Jerry Springer owes his life to New York Yankees
Jerry Springer might not be here today if not for the New York Yankees.
The famed talk show host and former politician has pledged his baseball allegiance to the Bronx Bombers ever since they saved his skin -- albeit indirectly -- as a 6-year-old in Queens, N.Y.
"I live and die with the Yankees," Springer told Page 2 on a recent visit to ESPN headquarters. "That's my greatest passion."
But Springer almost never made it to Yankee Stadium. He almost never became mayor of Cincinnati or enjoyed 20-plus years as host of "The Jerry Springer Show." But thanks to the Yankees, he did all those things and ultimately became a character of Americana.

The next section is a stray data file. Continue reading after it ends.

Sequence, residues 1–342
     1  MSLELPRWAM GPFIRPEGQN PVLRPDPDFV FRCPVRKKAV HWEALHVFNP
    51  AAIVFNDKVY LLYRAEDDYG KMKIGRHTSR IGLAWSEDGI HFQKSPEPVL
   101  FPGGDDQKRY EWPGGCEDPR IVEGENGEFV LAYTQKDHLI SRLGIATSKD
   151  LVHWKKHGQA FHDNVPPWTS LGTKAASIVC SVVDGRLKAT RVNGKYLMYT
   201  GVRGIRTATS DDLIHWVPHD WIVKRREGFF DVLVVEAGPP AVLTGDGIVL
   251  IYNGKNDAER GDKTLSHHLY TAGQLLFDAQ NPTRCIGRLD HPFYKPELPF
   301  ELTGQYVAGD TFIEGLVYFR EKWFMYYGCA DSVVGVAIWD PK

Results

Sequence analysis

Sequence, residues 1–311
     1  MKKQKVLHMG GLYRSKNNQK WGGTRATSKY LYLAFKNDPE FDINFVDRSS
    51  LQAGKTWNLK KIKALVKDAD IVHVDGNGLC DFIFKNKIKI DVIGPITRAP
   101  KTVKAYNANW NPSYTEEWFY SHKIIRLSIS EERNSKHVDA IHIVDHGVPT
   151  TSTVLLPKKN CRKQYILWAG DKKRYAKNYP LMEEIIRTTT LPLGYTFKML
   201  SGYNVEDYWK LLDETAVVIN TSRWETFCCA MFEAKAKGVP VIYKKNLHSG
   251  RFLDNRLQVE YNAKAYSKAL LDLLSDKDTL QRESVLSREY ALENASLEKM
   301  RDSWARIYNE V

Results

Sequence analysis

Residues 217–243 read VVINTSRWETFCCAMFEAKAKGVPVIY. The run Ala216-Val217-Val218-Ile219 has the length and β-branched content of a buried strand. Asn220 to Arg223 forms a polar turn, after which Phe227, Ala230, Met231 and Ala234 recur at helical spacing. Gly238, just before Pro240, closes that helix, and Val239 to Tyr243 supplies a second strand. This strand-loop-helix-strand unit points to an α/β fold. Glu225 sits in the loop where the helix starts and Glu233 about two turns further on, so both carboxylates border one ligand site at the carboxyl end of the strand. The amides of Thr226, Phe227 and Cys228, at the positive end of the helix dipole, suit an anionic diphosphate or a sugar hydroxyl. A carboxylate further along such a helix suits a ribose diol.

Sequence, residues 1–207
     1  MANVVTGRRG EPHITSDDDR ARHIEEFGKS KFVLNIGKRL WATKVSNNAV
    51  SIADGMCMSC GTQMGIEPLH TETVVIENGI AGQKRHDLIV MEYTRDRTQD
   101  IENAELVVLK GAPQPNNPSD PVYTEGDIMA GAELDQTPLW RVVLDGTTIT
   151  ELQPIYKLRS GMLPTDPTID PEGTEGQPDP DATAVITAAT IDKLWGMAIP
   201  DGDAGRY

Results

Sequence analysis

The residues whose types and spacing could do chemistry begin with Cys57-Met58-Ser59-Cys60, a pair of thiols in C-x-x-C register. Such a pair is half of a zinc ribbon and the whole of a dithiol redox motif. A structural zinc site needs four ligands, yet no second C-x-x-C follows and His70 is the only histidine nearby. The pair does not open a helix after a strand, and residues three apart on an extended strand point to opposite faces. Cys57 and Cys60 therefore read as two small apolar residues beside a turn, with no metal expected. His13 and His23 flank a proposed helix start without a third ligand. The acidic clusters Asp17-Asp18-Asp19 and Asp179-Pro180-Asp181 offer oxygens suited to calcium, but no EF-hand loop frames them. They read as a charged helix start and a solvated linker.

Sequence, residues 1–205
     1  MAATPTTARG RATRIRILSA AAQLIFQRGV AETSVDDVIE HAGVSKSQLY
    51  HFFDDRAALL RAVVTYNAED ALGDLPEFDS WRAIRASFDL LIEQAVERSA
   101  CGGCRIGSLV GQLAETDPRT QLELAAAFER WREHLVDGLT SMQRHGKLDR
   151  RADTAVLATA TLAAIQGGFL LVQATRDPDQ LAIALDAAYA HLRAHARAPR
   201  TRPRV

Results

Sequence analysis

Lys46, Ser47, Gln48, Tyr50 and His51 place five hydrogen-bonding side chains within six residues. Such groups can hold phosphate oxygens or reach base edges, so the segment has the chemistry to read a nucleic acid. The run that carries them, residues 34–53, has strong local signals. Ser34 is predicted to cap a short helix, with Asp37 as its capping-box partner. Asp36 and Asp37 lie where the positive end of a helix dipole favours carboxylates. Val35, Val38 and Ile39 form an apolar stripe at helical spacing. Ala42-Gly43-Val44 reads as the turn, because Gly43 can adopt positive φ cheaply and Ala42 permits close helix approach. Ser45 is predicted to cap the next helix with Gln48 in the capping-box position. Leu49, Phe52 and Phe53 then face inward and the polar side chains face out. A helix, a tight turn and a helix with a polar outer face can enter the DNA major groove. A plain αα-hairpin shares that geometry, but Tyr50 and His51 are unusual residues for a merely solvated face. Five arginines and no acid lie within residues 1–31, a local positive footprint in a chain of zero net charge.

The year was 1950. Springer's family had recently emigrated to the United States from England, where they had fled as German refugees during World War II. When it came time for young Gerald Springer to attend school in America, his mother sent him to class wearing typical English schoolboy attire.
"I wore my blue shorts, a jacket, a bow tie, a beret and knee socks," Springer said. "I had a bloody British accent, and the kids beat the heck out of me and ripped my suit. Next day, I go back to school, same thing happened."
Not surprisingly, Springer became scared to go to school. So his mother began asking around about how young Gerald could be accepted by his new peers. Told that American boys love baseball, she marched her son to Gertz department store in the Jamaica section of Queens in search of a "baseball outfit."